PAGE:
Roosevelt gave Stalin a pledge that he had been waiting for since June 1941: that the British and the Americans would open a second front in France in the spring of 1944. Churchill up to this point had been seeking a joint United Kingdom, United States and Commonwealth forces initiative through the Mediterranean that would have secured British interests in the Middle East and India. Roosevelt, Churchill, and Stalin agreed that the nations in league with the Axis powers would be divided into territories to be controlled by the USSR, the U.S., and the UK.
The Three Governments realize that the war has caused special economic difficulties for Iran, and they all agreed that they will continue to make available to the Government of Iran such economic assistance as may be possible, having regard to the heavy demands made upon them by their world-wide military operations, and to the world-wide shortage of transport, raw materials, and supplies for civilian consumption.[d]
In addition, the Soviet Union was required to pledge support to Turkey if that country entered the war; Roosevelt, Churchill, and Stalin agreed that it would also be most desirable if Turkey entered on the Allies’ side before the year was out.
Despite accepting the above arrangements, Stalin dominated the conference, using the Soviet victory at the Battle of Kursk and military might, as well as key positions on the German front, to get his way. Roosevelt attempted to cope with Stalin's onslaught of demands, but was able to do little except appease Stalin. Churchill mostly argued for his Mediterranean plan instead of Operation Overlord, to the annoyance of diplomats and officials. These weaknesses and divisions played into Stalin's hands.
One of Roosevelt and Churchill's main concessions concerned post-war Poland. Stalin wished for an area in the Eastern part of Poland to be added to the USSR, and for the border to be lengthened elsewhere in the country. Roosevelt and Churchill agreed to this demand, and Poland’s borders were declared to lie along the Oder and Neisse rivers and the Curzon line, despite protests of the Polish government-in-exile in London. Churchill and Roosevelt also consented to the USSR setting up puppet communist governments in Poland, Czechoslovakia, the Baltic states, Romania, and other Eastern European countries which would result in a loss of freedom by these countries for the next fifty years and would be the genesis of the Cold War. After the conference it was agreed that military leaders of the three countries would meet together often, for further discussion.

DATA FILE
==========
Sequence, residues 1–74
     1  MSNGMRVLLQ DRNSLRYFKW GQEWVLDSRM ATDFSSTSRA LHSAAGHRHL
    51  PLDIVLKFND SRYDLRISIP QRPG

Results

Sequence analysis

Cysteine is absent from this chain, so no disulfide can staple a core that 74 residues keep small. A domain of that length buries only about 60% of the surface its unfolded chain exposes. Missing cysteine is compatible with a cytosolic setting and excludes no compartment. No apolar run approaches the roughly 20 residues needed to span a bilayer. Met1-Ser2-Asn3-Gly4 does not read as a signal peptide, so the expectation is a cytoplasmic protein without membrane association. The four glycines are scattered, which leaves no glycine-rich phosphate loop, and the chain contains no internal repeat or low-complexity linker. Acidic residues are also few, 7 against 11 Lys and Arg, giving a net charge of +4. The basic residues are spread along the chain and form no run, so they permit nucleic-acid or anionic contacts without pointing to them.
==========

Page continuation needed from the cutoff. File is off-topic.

One remarkable thing that was also decided at the Tehran Conference was the way in which the Allies would deal with Finland, a free democratic country which cooperated with Germany after Soviet aggression and one that had not signed the Tripartite Pact, and had not declared war on any free Allied countries. Their decision stipulated that Finland could conduct its own negotiations to obtain a peace contract with the USSR rather than being subject to the "unconditional surrender" that faced the Germans and Japanese.
German intelligence was aware of this high profile meeting of the Allied wartime leaders, and (according to Soviet sources) tried to set up an assassination plot against them, called Operation Long Jump. This operation was however quickly discovered by Soviet counter-intelligence and subsequently aborted. Though accepted as fact to this day in Russia, the actual existence of this plot has long since been challenged by British sources and has been credited to a program of Soviet disinformation.
Tripartite dinner meeting 
— Joseph Stalin during the dinner at the Tehran Conference
Before the Tripartite Dinner Meeting of November 29, 1943 at the Tehran Conference, Churchill presented Stalin with a specially commissioned ceremonial sword (the "Sword of Stalingrad", made in Sheffield) commemorating the victory in the battle of Stalingrad, as a gift from King George VI to the citizens of Stalingrad and the people of the Soviet Union. When Stalin received the sheathed sword, he took it with both hands, kissed the scabbard, and handed it to Marshal Kliment Voroshilov, who mishandled it causing the sword to fall to the ground.
During the dinner, Stalin who, according to the US report, continuously needled Churchill for his perceived "affection" for the Germans, proposed executing 50,000–100,000 German staff officers. Roosevelt joked that perhaps 49,000 would do. Churchill denounced the idea of "the cold blooded execution of soldiers who fought for their country." He said that "war criminals must pay for their crimes and individuals who had committed barbarous acts, and in accordance with the Moscow Document, which he himself had written, they must stand trial at the places where the crimes were committed." He objected vigorously, however, "to executions for political purposes". [e]